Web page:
Alas, time heals all wounds, and eventually I was back to logging countless road mile after mile. It would be a year before I ran another obstacle course race (you would think the first one would have been enough), and another two years before the passion really took hold. While I enjoyed each mud run more than the previous one, it is hard to pinpoint the moment I realized I’d much rather trek through the muddy forest carrying heavy objects instead of run Yasso 800’s, but I can tell you it came at the perfect time. While running had been something I ‘d enjoyed for years, I was finding myself becoming burnt out with training, as well as goals that were at that point in my life, unrealistic. I loved cross training, but was finding it incredibly hard to do the fun things while keeping my mileage up to meet my marathon training goals. I began to dread training, because it seemed I always fell short.

And then I moved to Vermont, which pretty much sealed the deal. After spending the first five years of my running career in a suburban area In South Carolina, it now felt like an utter shame to run on pavement, when I had countless mountains and trails to choose from. My race calendar began to change as well, from countless road races to trail races and more “fun” mud runs…and eventually to more intense, competitive obstacle course races. Last year my season culminated with the Spartan Ultra Beast, a 30 (ish) mile obstacle course race up and down the unrelenting face of Killington Mountain. And I have never loved running more than I do today.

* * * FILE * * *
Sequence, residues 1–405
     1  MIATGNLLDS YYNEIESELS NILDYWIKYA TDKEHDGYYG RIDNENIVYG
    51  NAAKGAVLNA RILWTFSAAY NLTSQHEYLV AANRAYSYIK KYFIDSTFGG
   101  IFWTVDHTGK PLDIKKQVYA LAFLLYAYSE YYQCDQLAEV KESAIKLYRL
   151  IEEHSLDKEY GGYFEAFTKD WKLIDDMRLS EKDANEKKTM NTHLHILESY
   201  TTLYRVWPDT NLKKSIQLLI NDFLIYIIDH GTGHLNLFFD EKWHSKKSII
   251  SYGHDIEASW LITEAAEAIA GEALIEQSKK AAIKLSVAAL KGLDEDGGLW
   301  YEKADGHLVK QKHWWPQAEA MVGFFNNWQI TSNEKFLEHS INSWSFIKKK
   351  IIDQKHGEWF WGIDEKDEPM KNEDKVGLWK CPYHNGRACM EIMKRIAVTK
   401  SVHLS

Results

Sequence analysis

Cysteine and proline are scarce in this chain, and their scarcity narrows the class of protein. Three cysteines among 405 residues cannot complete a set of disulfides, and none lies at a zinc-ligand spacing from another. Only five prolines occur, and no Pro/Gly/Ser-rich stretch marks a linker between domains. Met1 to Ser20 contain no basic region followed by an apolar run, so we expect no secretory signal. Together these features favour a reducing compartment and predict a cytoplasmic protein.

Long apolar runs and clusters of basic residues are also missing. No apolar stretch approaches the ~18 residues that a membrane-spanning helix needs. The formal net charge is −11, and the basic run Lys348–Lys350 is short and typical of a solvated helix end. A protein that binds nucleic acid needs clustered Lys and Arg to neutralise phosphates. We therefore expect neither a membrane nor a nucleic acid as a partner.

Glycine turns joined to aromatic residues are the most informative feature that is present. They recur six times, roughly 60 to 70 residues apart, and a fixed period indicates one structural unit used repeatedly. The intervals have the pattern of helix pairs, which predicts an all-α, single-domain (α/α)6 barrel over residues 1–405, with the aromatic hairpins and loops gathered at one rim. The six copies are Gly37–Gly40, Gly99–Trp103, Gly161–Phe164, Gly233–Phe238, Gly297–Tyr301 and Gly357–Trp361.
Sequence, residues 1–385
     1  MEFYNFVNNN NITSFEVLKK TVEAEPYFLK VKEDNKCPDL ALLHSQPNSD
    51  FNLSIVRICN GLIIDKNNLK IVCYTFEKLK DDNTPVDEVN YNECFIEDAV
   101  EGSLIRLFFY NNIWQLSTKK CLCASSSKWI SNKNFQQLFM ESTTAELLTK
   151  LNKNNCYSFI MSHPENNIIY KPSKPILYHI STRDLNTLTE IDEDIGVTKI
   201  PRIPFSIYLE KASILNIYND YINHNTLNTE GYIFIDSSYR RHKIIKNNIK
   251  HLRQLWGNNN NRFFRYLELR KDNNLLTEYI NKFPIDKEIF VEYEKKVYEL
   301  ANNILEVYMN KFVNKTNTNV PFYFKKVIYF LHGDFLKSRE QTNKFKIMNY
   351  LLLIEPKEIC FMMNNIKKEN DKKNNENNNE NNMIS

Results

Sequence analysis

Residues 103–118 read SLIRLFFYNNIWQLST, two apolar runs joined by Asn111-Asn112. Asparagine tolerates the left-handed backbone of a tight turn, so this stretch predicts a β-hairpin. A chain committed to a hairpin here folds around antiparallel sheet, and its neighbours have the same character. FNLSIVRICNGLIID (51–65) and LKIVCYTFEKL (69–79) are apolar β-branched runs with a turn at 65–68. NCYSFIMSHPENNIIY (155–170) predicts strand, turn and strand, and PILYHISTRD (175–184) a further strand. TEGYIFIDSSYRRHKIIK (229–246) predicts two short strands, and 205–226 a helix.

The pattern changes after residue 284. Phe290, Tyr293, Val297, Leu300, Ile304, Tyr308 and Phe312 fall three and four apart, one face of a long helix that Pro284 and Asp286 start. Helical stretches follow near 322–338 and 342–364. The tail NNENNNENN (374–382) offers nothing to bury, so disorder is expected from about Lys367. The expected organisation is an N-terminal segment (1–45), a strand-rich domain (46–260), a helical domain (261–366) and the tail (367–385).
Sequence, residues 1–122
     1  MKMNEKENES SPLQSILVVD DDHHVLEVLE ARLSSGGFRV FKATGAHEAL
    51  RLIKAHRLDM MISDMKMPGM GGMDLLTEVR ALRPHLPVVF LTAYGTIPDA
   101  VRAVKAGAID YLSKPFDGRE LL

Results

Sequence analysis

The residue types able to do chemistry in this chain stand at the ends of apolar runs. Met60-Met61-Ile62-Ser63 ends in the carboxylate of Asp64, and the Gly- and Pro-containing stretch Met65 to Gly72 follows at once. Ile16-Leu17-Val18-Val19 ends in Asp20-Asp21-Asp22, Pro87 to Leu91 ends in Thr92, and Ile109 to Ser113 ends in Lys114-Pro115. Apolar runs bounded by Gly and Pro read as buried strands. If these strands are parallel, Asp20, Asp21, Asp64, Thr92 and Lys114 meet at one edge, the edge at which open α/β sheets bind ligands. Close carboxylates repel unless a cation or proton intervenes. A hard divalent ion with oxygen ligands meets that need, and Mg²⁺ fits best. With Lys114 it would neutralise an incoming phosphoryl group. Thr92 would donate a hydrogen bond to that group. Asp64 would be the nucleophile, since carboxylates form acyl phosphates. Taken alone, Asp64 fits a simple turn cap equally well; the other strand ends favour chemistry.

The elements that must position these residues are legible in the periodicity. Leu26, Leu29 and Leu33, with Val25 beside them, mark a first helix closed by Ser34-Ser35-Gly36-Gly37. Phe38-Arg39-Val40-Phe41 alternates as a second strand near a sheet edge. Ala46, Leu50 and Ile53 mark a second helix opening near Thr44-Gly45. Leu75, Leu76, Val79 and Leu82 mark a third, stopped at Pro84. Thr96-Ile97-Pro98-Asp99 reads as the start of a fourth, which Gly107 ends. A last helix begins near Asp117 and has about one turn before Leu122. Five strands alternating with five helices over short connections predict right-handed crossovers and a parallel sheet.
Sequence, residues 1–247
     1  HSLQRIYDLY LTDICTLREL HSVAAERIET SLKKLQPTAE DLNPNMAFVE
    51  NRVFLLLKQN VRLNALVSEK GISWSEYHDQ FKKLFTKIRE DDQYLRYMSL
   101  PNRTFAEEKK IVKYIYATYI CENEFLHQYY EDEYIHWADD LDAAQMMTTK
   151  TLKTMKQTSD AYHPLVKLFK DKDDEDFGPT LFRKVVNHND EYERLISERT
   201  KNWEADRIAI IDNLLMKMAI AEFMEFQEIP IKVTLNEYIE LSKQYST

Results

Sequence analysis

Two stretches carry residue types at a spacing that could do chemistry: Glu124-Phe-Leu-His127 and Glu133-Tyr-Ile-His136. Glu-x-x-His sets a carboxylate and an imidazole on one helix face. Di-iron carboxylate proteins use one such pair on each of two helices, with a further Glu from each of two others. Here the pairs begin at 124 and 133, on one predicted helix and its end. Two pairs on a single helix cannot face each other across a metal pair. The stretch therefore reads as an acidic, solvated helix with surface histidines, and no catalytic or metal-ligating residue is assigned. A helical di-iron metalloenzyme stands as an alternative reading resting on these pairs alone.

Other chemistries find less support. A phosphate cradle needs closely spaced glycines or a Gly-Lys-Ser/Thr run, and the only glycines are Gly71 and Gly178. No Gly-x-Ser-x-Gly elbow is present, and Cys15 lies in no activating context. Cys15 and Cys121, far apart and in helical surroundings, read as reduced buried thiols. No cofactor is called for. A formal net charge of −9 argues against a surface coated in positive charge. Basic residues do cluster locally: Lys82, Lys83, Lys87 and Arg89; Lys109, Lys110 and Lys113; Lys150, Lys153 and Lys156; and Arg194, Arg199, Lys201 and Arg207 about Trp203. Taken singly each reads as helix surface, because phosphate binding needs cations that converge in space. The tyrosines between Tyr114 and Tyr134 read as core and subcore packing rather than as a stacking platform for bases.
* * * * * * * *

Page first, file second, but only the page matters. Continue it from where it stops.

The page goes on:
Transitioning from a traditional road racer to an obstacle course racer has significantly increased my overall fitness levels. In the beginning, I quickly realized that while I was a decent, front-of-the-middle-of-the-pack runner, I was far from being considered in “great” shape. In obstacle racing, a Boston Qualifying time means nothing if you do not possess the upper body strength to pull yourself over a ten foot wall, or to the top of a muddy rope climb. On the other hand, upper body strength means nothing in this sport if you cannot run. Obstacle course racing, it seems, was a match made in my athletic heaven.